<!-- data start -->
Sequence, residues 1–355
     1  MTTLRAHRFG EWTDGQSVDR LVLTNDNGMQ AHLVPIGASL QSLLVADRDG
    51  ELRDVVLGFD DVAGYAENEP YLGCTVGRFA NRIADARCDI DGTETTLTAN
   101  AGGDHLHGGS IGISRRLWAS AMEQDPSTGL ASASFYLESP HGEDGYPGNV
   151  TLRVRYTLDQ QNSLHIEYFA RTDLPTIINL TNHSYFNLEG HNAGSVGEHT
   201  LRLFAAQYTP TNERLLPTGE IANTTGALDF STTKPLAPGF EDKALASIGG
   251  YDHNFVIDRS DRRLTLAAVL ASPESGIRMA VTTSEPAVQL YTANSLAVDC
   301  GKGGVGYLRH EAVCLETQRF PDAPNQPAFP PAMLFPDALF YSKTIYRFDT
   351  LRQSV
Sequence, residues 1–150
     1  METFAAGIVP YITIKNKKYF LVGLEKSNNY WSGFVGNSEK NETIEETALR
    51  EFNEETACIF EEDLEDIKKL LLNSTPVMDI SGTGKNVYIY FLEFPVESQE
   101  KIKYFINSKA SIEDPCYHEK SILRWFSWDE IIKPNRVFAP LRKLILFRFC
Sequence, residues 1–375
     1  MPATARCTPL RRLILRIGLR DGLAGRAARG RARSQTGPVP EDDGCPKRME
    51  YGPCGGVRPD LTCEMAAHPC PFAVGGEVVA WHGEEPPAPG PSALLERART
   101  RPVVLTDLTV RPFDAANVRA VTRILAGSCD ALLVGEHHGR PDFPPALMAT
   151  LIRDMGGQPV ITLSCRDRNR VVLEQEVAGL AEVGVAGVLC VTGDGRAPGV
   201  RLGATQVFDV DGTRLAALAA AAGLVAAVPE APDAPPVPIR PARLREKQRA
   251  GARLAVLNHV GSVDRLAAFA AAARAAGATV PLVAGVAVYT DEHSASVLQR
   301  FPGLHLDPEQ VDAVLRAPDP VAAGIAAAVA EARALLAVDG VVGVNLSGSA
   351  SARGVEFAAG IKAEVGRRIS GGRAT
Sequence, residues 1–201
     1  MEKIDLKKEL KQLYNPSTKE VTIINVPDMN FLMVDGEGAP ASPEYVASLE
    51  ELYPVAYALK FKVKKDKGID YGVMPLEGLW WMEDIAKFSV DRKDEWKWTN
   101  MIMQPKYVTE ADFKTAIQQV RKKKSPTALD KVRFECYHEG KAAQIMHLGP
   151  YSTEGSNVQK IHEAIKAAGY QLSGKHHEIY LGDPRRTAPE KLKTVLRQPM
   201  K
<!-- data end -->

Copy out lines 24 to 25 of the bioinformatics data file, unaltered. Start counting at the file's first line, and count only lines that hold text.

     1  MEKIDLKKEL KQLYNPSTKE VTIINVPDMN FLMVDGEGAP ASPEYVASLE
    51  ELYPVAYALK FKVKKDKGID YGVMPLEGLW WMEDIAKFSV DRKDEWKWTN